Orlando Muslims seeking to play positive role but do so in fear


At Tuesday afternoon’s prayer time at the Islamic Center of Central Florida mosque, only four or five Muslims were praying there.

This is the holy month of Ramadan and normally there would be a crowd.

“The people are very scared,” said Imam Muhammad Musri, president of American Islam and a leader of the Central Florida Muslim community.

This is two days after a radicalized Muslim madman from Port St. Lucie shot up Orlando’s popular gay nightclub, Pulse, killing 49 and wounding 53, in the worst mass shooting in American history and the worst terrorist attack since Sept. 11, 2001.

Many American Muslims feel like they’re wearing targets again.

Musri and other area Islamic leaders quickly and unmistakably denounced Omar Mateen as a monster and not a true Muslim and quickly offered condolences and any help possible to affected families.

He quickly put out an advisory calling on Muslims to help the broader Orlando community. He joined Orlando officials Sunday morning and has been with them for most of the past three days offering support. He helped arrange for grief counselors. Many of the doctors who saved lives at Orlando Regional Medical Center, he said, are Muslim.

Still, Central Florida’s 100,000 Muslims are living in fear of backlash because of Mateen’s professed faith, and the characterization of his massacre as another Islamic attack. Many also are receiving verbal insults, Musri said.

Muslims are staying home as much as they can this week, he said, though he expects large numbers to still come out to break fast at the evening meals served at the society’s Islamic center on Goldenrod Road in east Orange County.

Musri said women who wear scarves are particularly scared, while many men, in western clothing, do not necessarily look Muslim. He has advised Muslim women who wear scarves in Orlando to not go out alone unnecessarily, especially after dark.

“My wife is a doctor. My wife wears scarves, and she works at night. She has to go to the hospital. She is not going to stop her job,” he said. “But it’s different from someone going to a movie and be isolated or harassed.”

The Islamic Society of Central Florida this week contracted with police and sheriff’s departments to provide off-duty officer security at its 10 mosques.

“It’s better to avoid, at this period,” he said. “We get a lot of threats and we measure from that it is better for us to be cautious.”

The backlash, Musri said, is evidence that he, the Islamic Society of Central Florida, and the broader, national group he helped found, American Islam, still has work to do to to explain who they are, and that they are not in any way represented by or supportive of extremists.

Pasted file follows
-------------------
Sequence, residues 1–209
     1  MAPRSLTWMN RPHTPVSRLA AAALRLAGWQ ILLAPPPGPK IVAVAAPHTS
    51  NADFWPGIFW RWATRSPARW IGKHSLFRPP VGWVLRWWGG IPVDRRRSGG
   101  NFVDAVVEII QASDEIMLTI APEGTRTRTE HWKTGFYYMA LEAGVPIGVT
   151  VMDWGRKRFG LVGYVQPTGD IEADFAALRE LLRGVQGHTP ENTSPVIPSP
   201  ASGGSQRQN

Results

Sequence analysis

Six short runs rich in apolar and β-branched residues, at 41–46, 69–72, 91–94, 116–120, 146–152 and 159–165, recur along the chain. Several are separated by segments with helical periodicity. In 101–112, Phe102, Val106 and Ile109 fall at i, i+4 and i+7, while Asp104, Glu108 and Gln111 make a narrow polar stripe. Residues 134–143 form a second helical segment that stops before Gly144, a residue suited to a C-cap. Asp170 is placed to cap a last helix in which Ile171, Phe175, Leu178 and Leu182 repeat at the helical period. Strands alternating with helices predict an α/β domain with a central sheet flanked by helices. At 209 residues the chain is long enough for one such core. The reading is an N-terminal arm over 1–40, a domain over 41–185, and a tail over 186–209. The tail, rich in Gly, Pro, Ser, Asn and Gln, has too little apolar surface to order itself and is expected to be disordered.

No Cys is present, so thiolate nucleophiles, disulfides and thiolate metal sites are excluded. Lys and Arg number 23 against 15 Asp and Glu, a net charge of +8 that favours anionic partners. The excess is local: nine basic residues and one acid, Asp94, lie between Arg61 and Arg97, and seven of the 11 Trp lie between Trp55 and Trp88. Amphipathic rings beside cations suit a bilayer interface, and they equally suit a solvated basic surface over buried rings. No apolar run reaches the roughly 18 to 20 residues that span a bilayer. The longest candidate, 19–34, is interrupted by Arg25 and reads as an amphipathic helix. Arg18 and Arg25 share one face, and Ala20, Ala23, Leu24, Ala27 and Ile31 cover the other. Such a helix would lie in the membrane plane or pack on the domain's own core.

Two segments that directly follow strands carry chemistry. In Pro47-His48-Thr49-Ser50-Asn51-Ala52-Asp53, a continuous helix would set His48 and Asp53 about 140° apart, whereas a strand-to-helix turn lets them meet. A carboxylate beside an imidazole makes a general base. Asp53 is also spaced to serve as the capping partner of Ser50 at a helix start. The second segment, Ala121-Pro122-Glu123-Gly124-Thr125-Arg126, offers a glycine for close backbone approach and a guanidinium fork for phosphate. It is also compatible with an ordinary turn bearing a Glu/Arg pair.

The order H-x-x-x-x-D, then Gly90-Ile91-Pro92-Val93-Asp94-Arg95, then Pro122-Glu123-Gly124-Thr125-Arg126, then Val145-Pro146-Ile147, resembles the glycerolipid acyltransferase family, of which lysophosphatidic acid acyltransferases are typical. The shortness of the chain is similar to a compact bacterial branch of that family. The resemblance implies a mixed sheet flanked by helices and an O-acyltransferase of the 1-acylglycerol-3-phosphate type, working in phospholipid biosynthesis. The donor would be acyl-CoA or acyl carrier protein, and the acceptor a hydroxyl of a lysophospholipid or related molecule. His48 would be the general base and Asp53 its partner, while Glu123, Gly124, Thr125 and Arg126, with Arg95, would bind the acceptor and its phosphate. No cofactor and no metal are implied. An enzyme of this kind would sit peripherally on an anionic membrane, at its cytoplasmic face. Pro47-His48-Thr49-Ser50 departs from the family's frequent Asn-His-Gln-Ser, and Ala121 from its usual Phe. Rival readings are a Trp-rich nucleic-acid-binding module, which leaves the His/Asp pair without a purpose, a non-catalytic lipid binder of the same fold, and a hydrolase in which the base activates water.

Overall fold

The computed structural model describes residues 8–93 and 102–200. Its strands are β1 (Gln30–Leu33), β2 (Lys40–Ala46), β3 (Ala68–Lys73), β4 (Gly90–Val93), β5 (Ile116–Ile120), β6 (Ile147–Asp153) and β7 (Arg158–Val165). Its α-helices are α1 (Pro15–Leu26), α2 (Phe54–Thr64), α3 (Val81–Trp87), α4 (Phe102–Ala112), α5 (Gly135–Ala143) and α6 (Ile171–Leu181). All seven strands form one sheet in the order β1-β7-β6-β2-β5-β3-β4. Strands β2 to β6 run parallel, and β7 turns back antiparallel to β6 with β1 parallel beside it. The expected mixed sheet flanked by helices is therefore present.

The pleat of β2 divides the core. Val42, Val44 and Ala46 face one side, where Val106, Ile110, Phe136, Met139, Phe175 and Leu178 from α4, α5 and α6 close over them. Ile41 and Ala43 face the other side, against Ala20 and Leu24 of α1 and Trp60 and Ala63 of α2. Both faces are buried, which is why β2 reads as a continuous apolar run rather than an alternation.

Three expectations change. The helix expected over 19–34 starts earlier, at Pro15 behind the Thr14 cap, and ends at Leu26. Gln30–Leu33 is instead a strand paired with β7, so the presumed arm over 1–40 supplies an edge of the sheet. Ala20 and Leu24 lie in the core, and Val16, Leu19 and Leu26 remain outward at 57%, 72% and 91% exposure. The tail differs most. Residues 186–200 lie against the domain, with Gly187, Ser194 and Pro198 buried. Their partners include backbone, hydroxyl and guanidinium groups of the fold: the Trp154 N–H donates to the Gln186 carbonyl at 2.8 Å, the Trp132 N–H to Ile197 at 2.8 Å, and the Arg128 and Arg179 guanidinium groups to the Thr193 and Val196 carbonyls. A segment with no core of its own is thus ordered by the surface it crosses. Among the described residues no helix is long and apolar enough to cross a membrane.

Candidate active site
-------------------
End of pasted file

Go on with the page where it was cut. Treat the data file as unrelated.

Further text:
“For the people that have known us for many, many years, this is a coming together again,” Musri said. “But there are many segments of the community that do not know us. They do not know us enough to understand that this is not who we are. We are against terrorism. We are against extremism. That’s why we have work to do.”

Musri, American Islam Director of Outreach Bassem Chaaban, and other leaders in the local society have worked with Central Florida leaders for many years, and are on close, advisory terms with Orlando Mayor Buddy Dyer, Orange County Mayor Teresa Jacobs, Orlando Police Chief John Mina, Orange County Sheriff Jerry Demings, and FBI Special Agent Ron Hopper. Musri stood beside them during their press conferences, and sometimes spoke.

His society has a long history of professing peace in Orlando, does not criticize, let alone persecute, gays, and participates actively in interfaith efforts.

He’s going to take that work to a bigger stage next month. American Islam is organizing a rally called the “American Muslim March on Washington” July 23, to call for peace, truth and unity, with the slogan, “Americans Against Terrorism and Islamaphobia.”

There have been no reported incidents of hate crimes against any of the society’s mosques since the Pulse attack. In fact, Musri said the only hate crime in any recent time occurred in January, when someone the FBI later identified as a white supremacist spread bacon around one of the mosques. Musri laughed at the absurd attempt at an insult, or maybe the man thought pork is to Muslims what legends say garlic is to vampires.

“Seriously?” he said of the bacon.

Yet Musri expressed concern that the man was seen on security cameras wearing a backpack, and no one knew what what was in it or what he might have done had he been confronted.

But email and phone calls? Those are coming in.

The leader at the ISCF Mosque, Imam Mohamed Nur, played one from his cell phone in which a man called all Muslims evil, screamed, “Get the f-ck out of the United States! Get out now!” Another vowed to “burn and kill you before you burn and kill us.”

Scott Powers

Scott Powers is an Orlando-based political journalist with 30+ years’ experience, mostly at newspapers such as the Orlando Sentinel and the Columbus Dispatch. He covers local, state and federal politics and space news across much of Central Florida. His career earned numerous journalism awards for stories ranging from the Space Shuttle Columbia disaster to presidential elections to misplaced nuclear waste. He and his wife Connie have three grown children. Besides them, he’s into mystery and suspense books and movies, rock, blues, basketball, baseball, writing unpublished novels, and being amused. Email him at [email protected].


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